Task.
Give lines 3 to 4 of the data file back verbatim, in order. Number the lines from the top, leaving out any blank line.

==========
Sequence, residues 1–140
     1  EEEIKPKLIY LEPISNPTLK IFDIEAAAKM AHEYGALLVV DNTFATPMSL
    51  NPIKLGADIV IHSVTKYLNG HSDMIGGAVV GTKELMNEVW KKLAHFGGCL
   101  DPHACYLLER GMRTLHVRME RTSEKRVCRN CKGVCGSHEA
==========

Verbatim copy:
    51  NPIKLGADIV IHSVTKYLNG HSDMIGGAVV GTKELMNEVW KKLAHFGGCL
   101  DPHACYLLER GMRTLHVRME RTSEKRVCRN CKGVCGSHEA